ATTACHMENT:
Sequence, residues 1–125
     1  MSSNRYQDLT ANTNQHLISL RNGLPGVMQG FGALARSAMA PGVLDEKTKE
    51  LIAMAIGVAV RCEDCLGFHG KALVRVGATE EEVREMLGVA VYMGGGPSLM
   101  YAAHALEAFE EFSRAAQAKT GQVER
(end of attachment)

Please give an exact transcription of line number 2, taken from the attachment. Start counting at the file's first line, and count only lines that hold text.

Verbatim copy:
     1  MSSNRYQDLT ANTNQHLISL RNGLPGVMQG FGALARSAMA PGVLDEKTKE